He says he internalised the Christie world and it really helped in putting together the puzzles. After his degree, Karber took a master’s in screenwriting at the University of Southern California and has staged live murder mysteries with theatre collective the Hollywood Mystery Society. It, too, was an excellent training ground for developing Murdle. But Karber is convinced sheer good luck has played a part in its success.

“It does feel like sometimes creatively, the pieces come together and you make something that people really respond to. And sometimes you know, you’ve worked really hard and you make something that you think is really great and it just doesn’t, for whatever reason, connect with people in the same way. And that part, the connection, definitely feels like luck.”

It didn’t hurt either that the book was picked up on social media platform TikTok.

“It still doesn’t seem real to me, and I still feel like I’ll wake up and realise I just dreamt this,” he says.

Los Angeles is a city driven by success and Karber says he felt the pressure to “brand” himself, but resisted “because it was very hard and commercial and not great for the soul”.

“I have a lot of friends who were really quick to brand themselves when they moved out here, you know, 12 years ago or whatever,” he says. But instead of trying to appeal to “everyone in the world” it’s a lot easier to “hit the bullseye” if “you try to make something that you think one friend of yours will really love”.

The books aren’t just clever puzzles with a narrative though, there’s also a lot of dry humour. Among the suspects in one puzzle is General Coffee, a coffee connoisseur who “always drinks his morning brew before sending his men across the battlefield to die”, and there’s dashing Philosopher Bone, who “pioneered the ethical theory that he is not responsible for his actions, but he should get paid for them”. A possible murder weapon is a torch “to use on books you don’t like” and another is a large tome, that’s “unedited, unabridged and unpublished”.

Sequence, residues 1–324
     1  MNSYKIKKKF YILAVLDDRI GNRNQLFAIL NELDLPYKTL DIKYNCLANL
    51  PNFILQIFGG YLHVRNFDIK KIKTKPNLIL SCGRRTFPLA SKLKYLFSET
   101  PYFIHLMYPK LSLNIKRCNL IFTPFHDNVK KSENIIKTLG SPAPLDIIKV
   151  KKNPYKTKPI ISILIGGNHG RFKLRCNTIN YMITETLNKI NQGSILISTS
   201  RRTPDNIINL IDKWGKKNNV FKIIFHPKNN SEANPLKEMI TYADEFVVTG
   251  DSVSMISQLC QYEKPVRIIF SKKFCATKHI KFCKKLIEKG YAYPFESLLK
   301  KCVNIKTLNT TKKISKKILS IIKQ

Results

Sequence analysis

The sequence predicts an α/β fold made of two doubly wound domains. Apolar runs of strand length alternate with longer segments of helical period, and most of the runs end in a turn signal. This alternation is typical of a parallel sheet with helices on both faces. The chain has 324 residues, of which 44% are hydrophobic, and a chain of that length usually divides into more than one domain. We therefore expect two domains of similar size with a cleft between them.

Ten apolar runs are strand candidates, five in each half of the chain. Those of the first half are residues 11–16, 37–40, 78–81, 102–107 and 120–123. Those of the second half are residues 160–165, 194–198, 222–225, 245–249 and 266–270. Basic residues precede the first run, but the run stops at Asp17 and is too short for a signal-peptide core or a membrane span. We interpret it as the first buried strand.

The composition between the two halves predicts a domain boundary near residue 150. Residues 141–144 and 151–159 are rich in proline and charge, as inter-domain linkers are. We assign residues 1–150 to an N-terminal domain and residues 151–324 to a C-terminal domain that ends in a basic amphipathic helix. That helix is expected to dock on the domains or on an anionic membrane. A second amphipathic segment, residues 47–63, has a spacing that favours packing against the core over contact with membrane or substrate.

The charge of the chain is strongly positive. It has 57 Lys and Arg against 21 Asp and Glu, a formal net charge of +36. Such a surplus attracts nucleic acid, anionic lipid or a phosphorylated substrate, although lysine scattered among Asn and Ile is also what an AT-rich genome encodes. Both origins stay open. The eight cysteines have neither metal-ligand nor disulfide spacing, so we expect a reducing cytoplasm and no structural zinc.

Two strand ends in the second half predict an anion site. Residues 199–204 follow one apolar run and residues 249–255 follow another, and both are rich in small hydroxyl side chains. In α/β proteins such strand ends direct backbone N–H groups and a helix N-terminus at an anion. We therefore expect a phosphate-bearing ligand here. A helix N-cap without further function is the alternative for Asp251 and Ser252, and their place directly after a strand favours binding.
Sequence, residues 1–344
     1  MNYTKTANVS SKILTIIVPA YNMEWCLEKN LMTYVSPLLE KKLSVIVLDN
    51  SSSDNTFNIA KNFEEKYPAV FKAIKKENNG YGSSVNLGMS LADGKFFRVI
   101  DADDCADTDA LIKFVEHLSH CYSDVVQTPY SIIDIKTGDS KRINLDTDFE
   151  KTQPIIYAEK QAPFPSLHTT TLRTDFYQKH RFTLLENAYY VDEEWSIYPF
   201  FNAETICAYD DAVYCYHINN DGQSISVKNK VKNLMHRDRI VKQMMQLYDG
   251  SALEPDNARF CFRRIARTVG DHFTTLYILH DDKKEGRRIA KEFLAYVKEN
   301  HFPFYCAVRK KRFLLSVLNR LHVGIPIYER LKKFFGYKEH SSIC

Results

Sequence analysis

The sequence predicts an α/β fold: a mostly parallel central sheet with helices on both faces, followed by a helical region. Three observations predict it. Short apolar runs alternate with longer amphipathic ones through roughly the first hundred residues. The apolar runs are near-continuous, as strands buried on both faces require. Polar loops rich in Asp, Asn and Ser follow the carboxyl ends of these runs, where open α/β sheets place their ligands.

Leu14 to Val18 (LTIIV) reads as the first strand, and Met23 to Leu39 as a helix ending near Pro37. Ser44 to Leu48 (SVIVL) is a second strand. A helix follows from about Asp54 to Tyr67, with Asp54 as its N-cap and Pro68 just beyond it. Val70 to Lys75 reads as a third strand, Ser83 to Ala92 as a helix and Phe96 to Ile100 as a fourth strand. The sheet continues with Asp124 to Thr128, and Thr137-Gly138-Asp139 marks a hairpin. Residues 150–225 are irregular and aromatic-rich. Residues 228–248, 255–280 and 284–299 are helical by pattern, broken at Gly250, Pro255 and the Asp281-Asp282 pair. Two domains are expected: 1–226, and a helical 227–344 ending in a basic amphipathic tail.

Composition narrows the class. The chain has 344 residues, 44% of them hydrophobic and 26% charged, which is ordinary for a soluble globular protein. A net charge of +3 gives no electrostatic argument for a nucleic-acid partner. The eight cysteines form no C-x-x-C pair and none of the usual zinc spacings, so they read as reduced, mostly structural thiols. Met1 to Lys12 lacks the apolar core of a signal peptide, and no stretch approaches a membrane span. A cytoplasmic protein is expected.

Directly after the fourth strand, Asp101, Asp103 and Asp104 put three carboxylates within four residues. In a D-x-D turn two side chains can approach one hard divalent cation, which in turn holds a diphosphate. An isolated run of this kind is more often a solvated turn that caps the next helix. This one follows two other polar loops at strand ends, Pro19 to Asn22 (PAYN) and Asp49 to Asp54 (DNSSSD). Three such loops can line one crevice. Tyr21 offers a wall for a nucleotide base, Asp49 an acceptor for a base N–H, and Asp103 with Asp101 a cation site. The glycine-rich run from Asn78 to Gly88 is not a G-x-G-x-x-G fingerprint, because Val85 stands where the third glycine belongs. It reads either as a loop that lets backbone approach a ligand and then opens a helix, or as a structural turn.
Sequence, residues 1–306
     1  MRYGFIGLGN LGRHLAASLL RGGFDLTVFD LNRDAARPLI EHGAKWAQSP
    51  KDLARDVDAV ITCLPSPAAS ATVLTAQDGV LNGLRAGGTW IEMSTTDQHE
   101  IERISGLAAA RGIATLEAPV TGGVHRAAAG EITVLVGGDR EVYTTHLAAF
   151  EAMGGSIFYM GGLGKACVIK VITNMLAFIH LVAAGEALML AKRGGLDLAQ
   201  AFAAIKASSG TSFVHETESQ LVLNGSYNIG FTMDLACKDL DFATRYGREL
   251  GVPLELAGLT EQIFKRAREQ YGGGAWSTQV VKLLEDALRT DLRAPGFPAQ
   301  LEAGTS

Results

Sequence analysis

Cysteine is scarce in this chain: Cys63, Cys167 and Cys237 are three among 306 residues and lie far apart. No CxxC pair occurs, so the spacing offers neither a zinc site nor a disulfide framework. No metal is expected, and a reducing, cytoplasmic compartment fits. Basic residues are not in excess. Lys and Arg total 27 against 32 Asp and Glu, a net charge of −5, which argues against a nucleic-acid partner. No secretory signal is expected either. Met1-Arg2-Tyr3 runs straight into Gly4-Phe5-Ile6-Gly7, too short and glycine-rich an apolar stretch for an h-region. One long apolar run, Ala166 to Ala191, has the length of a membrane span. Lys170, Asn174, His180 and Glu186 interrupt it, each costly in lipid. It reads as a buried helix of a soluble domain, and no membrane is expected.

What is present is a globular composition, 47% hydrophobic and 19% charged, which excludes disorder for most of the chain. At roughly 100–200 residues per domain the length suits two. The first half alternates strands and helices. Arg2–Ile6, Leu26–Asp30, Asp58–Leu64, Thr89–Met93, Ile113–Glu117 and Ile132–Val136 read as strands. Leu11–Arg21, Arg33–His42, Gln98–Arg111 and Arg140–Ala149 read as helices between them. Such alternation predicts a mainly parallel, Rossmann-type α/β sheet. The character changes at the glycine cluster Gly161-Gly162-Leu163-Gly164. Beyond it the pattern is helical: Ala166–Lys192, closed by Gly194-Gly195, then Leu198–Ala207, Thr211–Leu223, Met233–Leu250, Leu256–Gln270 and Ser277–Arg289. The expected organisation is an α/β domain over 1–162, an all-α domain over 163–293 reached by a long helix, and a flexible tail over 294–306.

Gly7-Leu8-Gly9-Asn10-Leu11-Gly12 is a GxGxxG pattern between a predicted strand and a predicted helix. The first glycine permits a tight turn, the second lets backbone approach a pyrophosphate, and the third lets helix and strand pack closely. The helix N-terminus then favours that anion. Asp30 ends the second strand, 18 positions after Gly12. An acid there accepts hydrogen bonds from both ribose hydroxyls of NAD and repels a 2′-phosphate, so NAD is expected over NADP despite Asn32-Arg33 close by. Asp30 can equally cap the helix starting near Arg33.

He has friends who are comedians in LA and he knows how they work.

“And this definitely felt like I was being asked to put together a new show full of material in a very quick period of time. And it was really great. I kind of got addicted to it.”

The pressure of a deadline really helps his creativity, he says.

The conversation moves on to his background. He grew up in Arkansas with both parents working in the law and his maternal grandfather was an FBI agent, initially based in San Francisco.

“He was part of the search effort after the famous Alcatraz escape. He was one of the FBI agents, you know, searching the waters for these people.”

His grandfather died a decade ago and he regrets not taking a “deep dive” into the story. He hasn’t seen the movie, Escape from Alcatraz, since he was a child and has never visited the island prison, now a tourist attraction.